|Brabban, Andrew - EVERGREEN STATE COLLEGE|
|Kutter, Betty - EVERGREEN STATE COLLEGE|
Submitted to: International Symposium and Workshop on Shiga Toxin ... Escherichia coli
Publication Type: Abstract Only
Publication Acceptance Date: June 30, 2006
Publication Date: October 29, 2006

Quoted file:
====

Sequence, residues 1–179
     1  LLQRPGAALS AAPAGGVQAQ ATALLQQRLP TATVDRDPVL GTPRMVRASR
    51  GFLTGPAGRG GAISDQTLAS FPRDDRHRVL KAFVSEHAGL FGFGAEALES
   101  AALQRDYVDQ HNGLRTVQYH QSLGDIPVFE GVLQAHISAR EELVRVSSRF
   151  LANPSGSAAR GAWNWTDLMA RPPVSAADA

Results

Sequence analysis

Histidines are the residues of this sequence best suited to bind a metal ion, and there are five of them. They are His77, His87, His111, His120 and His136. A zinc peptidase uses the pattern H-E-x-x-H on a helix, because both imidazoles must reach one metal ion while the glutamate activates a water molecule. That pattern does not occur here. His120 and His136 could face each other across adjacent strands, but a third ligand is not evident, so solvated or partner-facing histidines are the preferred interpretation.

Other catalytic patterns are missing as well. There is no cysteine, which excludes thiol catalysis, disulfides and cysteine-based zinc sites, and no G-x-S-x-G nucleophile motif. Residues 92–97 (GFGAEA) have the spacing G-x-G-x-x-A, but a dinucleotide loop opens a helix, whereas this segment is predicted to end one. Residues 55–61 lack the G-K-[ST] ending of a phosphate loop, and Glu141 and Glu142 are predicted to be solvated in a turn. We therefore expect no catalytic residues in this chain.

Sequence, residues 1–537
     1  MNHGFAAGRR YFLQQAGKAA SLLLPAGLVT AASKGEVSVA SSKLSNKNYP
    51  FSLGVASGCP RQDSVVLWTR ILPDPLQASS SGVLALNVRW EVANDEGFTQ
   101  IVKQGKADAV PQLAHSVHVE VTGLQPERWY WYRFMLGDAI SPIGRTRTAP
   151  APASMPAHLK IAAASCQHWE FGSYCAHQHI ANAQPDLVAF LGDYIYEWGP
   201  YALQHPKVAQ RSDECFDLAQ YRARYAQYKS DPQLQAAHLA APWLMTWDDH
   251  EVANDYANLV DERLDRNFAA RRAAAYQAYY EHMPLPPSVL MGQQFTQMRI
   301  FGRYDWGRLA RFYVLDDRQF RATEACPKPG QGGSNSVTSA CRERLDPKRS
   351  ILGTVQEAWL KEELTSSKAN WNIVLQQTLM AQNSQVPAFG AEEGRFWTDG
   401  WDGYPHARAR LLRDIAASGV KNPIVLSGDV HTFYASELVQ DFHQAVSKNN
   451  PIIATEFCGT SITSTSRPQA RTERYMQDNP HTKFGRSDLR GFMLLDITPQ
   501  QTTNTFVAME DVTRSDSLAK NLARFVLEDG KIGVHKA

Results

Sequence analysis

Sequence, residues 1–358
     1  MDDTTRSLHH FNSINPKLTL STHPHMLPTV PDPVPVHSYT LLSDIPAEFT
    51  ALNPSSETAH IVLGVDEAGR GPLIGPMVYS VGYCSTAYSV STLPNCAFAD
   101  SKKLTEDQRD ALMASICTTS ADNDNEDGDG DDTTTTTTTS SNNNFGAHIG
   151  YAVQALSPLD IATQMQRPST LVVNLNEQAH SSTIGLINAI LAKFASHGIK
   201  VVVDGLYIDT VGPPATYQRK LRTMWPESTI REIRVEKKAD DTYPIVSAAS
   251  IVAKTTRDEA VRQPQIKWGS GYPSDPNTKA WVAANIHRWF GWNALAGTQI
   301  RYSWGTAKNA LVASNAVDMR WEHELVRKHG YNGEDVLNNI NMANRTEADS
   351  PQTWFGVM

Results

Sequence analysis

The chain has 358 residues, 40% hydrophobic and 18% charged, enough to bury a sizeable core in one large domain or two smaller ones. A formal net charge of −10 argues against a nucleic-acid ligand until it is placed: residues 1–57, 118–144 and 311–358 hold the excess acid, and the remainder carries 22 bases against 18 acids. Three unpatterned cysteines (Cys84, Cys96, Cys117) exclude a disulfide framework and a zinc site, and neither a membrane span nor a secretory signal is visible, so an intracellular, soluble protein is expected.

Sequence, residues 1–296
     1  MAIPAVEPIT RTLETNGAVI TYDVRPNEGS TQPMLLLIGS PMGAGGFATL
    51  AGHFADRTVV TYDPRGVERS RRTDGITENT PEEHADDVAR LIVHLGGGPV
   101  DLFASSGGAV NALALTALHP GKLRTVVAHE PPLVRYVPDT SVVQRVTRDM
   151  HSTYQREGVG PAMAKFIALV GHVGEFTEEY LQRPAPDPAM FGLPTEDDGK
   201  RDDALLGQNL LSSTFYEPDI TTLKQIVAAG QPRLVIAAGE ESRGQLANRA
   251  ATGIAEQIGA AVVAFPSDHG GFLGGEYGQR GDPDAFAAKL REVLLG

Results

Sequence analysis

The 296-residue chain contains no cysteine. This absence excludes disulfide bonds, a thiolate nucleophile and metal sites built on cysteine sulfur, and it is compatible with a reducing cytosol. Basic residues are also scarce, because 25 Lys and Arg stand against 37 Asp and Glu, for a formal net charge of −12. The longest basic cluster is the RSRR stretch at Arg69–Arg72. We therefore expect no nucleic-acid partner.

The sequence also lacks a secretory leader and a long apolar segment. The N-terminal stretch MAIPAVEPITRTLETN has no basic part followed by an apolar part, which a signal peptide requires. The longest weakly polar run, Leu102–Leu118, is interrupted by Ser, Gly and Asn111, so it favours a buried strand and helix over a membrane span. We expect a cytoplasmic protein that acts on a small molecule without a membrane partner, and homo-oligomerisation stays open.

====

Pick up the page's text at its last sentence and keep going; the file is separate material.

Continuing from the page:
Citation: Callaway, T.R., Edrington, T.S., Brabban, A.D., Kutter, B.M., Anderson, R.C., Nisbet, D.J. 2006. Use of bacteriophage to reduce E. coli O157:H7 in the intestinal tract and on the hides of cattle [abstract]. In: Proceedings of the 6th International Symposium on Shiga Toxin (Verocytotoxin)-Producing Escherichia coli Infections, October 29-November 1, 2006, Melbourne, Australia. p. 53. Technical Abstract: E. coli O157:H7 is a food-borne pathogen that is widely distributed in cattle, but does not cause illness in cattle. Many human foodborne illnesses can be traced to E. coli O157:H7 on dirty hides entering the processing plant. Fecal material found on the hides can harbor EHEC in fresh or dried feces, therefore, targeting the pathogens on the hide requires a 2-pronged approach, 1) cleaning the most recent feces deposited on the hide before it is deposited, and 2) killing pathogens already deposited on the hide. A method to accomplish both goals is through the use of bacteriophage, which are viruses that prey on bacteria and are specific to the species or even strain level. Bacteriophage that target the food borne pathogen E. coli O157:H7 have been previously isolated from several environments, and we have isolated several bacteriophage active against E. coli O157:H7 from feces of commercial feedlot cattle. In the present study, we combined several phage isolates (n = 16) to form a cocktail of phage to prevent the development of resistance. When this cocktail was administered to sheep experimentally infected with E. coli O157:H7, intestinal populations of E. coli O157:H7 were reduced in the cecum (P < 0.05) and the rectum (P < 0.10). When this bacteriophage cocktail was sprayed directly on cattle hides (n = 6) that were artificially-inoculated with E. coli O157:H7 (10*3 CFU/sq cm), populations of E. coli O157:H7 were decreased (P < 0.05). Our results indicate that properly selected phages can be used to reduce E. coli O157:H7 in cattle feces and on cattle hides prior to slaughter. This suggests that phage could be an important part of a coherent, integrated preharvest pathogen reduction program.